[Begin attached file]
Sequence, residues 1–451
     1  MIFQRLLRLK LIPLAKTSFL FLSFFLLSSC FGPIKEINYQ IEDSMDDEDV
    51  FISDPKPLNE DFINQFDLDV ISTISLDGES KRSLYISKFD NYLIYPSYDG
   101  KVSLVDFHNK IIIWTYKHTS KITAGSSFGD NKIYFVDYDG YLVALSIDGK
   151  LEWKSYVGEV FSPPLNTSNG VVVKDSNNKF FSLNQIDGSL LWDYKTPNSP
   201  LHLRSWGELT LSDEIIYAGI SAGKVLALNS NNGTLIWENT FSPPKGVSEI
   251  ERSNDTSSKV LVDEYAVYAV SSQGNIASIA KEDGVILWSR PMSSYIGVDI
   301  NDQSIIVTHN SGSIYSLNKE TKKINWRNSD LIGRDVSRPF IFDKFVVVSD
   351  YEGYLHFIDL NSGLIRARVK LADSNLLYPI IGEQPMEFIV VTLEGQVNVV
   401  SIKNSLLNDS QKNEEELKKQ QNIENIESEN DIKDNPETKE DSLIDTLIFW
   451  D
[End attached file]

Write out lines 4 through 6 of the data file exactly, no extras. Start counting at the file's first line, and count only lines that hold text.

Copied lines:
   101  KVSLVDFHNK IIIWTYKHTS KITAGSSFGD NKIYFVDYDG YLVALSIDGK
   151  LEWKSYVGEV FSPPLNTSNG VVVKDSNNKF FSLNQIDGSL LWDYKTPNSP
   201  LHLRSWGELT LSDEIIYAGI SAGKVLALNS NNGTLIWENT FSPPKGVSEI